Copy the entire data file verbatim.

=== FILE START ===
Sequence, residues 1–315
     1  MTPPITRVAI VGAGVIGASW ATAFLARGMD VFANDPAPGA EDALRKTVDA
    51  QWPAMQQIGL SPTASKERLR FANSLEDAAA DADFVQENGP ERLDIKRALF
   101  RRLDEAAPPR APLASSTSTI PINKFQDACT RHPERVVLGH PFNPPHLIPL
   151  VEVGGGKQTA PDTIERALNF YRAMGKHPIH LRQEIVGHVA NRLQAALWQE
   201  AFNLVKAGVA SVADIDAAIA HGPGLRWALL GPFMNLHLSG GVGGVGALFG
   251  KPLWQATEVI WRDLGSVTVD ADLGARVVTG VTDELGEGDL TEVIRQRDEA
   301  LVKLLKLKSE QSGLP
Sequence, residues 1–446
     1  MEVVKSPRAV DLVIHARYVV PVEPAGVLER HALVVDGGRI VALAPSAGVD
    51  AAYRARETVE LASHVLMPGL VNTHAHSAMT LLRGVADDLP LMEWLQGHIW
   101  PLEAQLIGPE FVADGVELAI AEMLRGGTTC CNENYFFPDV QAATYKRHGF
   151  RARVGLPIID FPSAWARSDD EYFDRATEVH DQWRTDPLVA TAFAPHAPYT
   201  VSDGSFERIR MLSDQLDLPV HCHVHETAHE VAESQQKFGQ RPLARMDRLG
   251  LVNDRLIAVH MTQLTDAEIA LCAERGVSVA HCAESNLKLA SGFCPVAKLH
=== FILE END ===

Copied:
Sequence, residues 1–315
     1  MTPPITRVAI VGAGVIGASW ATAFLARGMD VFANDPAPGA EDALRKTVDA
    51  QWPAMQQIGL SPTASKERLR FANSLEDAAA DADFVQENGP ERLDIKRALF
   101  RRLDEAAPPR APLASSTSTI PINKFQDACT RHPERVVLGH PFNPPHLIPL
   151  VEVGGGKQTA PDTIERALNF YRAMGKHPIH LRQEIVGHVA NRLQAALWQE
   201  AFNLVKAGVA SVADIDAAIA HGPGLRWALL GPFMNLHLSG GVGGVGALFG
   251  KPLWQATEVI WRDLGSVTVD ADLGARVVTG VTDELGEGDL TEVIRQRDEA
   301  LVKLLKLKSE QSGLP
Sequence, residues 1–446
     1  MEVVKSPRAV DLVIHARYVV PVEPAGVLER HALVVDGGRI VALAPSAGVD
    51  AAYRARETVE LASHVLMPGL VNTHAHSAMT LLRGVADDLP LMEWLQGHIW
   101  PLEAQLIGPE FVADGVELAI AEMLRGGTTC CNENYFFPDV QAATYKRHGF
   151  RARVGLPIID FPSAWARSDD EYFDRATEVH DQWRTDPLVA TAFAPHAPYT
   201  VSDGSFERIR MLSDQLDLPV HCHVHETAHE VAESQQKFGQ RPLARMDRLG
   251  LVNDRLIAVH MTQLTDAEIA LCAERGVSVA HCAESNLKLA SGFCPVAKLH